Ride Sharing and Caregiving


When we were kids, we could not wait to get behind the wheel to be free to go where we wanted. Now ride sharing is becoming increasingly popular.

As we get older and become better drivers, we rely heavily on driving to reach our destination. But driving comes with responsibility, too. Driving can potentially be dangerous; a simple accident can be deadly for someone within age and with a few health concerns.

So what can individuals do to maintain their freedom as they age?

Thanks to modern technology, companies like Uber and Lyft offer the convenience of ride sharing services at the touch of our fingertips. And the best part is, we can do the simple task of ordering a car ride for our elderly family members, too!

For example, my grandfather, who can no longer drive due to his eyesight, still has things to do and places to be.

I don’t want his health problems to interfere with his active lifestyle, so I call and order a ride for him that takes him to wherever he needs to be. For me personally, I will happily pay a $20 ride for my grandpa to get to the store, or church, and back home safely, as opposed to him having to walk down the street with groceries in hand or having to wait until a family member can get to his house to pick him up.


Other advantages:

Night driving: Glaring lights at night can become a problem. If you are still driving during the day, these services will allow you to get around to places at night.

Driving in bad weather: Not all vehicles can drive in the snow and on ice. Ordering a car that can is smart for anyone at any age. Why have the stress of dealing with the weather if you can get someone else to do it?

Bad Drivers: Let’s be honest, as we age, car wrecks become more and more life-threatening. Having a good driver can save yourself the trouble of possibly encountering a bad one.

Family is not in town: Since I am in Reno and my grandparents are in Utah, I cannot easily pick them up. I order them a car ride service to get from point A to point B.

Help carrying things: Uber and Lyft drivers work on tips! My grandmother who is at most 80 lbs. often gets her groceries carried in for her. She loves it because she gets to enjoy her shopping trips.



Costs: use of these services once or twice a week is not bad and quite affordable. I have personally found it to be cheaper than a taxi on non-holidays. Holidays can get a lot more expensive. If it is a whole day of driving and you keep the same driver the entire time, it can add up to a few hundred dollars. So be sure to complete the drive each time you are dropped off to save some cash.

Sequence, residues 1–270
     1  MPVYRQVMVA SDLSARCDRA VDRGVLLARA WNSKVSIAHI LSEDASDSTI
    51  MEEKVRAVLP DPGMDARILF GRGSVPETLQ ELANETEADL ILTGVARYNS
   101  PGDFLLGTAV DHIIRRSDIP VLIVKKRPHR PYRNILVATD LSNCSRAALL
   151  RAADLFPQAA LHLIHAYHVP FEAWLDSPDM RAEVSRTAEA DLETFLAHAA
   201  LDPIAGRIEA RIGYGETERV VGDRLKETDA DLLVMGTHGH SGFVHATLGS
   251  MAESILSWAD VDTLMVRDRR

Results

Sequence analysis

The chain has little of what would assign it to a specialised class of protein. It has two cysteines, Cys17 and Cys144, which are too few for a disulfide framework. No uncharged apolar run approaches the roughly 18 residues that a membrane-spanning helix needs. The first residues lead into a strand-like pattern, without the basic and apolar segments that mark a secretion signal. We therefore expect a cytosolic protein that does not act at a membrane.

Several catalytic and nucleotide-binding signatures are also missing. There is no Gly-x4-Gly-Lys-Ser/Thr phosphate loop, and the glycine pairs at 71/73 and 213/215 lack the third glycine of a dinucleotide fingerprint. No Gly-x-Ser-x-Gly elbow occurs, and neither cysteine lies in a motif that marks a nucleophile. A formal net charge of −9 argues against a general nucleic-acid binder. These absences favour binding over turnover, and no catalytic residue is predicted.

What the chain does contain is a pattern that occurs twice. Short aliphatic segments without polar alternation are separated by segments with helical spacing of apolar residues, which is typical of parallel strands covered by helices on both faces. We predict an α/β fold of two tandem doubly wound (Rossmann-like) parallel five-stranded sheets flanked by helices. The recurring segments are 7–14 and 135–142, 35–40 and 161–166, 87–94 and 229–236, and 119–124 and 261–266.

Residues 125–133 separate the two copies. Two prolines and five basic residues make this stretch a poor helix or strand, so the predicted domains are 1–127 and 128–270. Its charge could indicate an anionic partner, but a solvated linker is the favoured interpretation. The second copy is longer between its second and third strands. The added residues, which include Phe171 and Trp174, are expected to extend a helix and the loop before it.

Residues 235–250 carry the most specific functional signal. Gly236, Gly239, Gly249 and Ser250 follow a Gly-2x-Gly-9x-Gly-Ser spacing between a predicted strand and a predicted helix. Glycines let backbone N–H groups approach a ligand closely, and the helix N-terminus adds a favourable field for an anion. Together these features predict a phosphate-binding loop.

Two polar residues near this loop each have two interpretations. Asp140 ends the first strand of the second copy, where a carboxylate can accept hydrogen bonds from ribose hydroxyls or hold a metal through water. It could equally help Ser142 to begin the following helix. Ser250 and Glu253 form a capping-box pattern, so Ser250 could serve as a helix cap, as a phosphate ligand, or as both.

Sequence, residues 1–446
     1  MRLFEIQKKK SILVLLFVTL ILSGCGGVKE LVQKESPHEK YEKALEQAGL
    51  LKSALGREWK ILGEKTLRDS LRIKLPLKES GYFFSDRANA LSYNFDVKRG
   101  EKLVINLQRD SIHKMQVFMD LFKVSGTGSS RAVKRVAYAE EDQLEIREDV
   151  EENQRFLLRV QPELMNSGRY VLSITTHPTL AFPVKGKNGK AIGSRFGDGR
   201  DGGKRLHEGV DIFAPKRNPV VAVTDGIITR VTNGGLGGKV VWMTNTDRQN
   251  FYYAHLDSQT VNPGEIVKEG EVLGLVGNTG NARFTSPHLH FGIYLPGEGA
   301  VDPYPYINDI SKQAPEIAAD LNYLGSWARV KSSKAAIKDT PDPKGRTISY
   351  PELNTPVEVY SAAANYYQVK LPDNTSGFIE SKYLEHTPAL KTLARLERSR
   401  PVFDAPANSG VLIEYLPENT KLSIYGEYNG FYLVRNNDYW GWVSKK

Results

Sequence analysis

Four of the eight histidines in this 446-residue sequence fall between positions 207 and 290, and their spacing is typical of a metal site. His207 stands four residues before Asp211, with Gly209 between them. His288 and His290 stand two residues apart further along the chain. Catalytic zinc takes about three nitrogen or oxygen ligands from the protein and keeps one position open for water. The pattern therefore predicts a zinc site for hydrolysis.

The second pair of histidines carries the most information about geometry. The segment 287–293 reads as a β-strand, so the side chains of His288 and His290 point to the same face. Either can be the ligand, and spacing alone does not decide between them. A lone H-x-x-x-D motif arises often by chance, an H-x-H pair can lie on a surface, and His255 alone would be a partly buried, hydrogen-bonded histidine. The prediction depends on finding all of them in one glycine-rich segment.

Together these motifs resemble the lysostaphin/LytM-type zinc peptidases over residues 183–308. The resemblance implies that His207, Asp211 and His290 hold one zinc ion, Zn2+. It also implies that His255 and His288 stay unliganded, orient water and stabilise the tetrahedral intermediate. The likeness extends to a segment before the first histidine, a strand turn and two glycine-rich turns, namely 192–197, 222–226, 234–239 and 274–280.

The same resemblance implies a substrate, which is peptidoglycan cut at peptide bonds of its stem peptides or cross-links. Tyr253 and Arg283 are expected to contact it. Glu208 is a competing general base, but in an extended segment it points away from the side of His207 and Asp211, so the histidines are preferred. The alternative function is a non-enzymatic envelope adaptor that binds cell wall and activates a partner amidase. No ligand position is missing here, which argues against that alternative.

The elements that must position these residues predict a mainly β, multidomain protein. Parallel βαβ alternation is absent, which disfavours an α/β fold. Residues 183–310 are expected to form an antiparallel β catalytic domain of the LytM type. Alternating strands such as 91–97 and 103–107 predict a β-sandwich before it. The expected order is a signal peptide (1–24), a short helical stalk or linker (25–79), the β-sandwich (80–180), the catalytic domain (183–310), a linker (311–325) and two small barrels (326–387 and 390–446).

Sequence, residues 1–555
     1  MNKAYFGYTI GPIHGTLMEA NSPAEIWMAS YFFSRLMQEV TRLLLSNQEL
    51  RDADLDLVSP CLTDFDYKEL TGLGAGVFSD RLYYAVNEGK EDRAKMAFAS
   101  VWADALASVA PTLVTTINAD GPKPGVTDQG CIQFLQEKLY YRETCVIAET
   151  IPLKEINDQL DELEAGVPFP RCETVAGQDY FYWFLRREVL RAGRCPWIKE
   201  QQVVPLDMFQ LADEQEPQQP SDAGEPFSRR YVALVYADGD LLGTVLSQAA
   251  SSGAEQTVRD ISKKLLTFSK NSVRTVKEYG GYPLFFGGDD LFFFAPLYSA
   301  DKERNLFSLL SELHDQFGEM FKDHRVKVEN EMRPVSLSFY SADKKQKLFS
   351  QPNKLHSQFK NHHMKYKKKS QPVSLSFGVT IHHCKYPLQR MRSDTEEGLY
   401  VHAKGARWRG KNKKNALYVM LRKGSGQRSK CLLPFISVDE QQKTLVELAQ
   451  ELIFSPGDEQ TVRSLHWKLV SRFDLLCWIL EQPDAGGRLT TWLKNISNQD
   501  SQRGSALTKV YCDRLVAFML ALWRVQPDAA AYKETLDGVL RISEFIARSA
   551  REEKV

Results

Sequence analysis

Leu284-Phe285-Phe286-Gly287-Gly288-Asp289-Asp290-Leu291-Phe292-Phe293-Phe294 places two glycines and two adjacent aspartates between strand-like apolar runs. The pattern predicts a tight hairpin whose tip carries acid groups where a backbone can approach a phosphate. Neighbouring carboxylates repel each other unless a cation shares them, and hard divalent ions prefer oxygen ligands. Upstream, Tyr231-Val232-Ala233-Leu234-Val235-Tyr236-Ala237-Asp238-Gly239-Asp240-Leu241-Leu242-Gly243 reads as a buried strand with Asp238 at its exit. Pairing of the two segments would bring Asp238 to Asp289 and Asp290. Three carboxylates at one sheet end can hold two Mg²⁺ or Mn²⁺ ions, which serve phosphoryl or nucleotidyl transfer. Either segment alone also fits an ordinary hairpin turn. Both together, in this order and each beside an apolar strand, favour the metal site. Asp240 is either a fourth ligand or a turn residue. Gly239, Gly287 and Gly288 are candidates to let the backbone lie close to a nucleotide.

Small towns: Small towns may not have a full-time driver. I know South Shore (Lake Tahoe) during the daytime has a lack of drivers. So if you find a driver that you like, it might be worth getting to know them to see if they will “log on” to help you with day trips.

Lastly, your old car: My grandfather refuses to give up his car that he cannot drive, which means he still pays for insurance and maintenance on top of Uber and Lyft. If you are in a state where Uber and Lyft make the most sense for you, I would consider selling your car. It can be hard to do, I know, but think about it. If you take the money you would spend on insurance, gas, maintenance, and put that in your account to get rides instead, it can save you so much more in the long run.

The last thing we want to do is be a burden on our kids and family. No one wants to be trapped in their home, not see friends, or be able to care for themselves. Having a chauffeur-like service allows all of us to get around our towns.

If you or a family member does not like to drive, or put their lives potentially at risk while driving, consider these services and other future technologies to maintain a safe and healthy social life.
I personally cannot wait for self-driving cars so I can nap on my way to Utah to go see my grandparents.


You can find other transportation resources by clicking here.


William Palmer III

Financial Advisor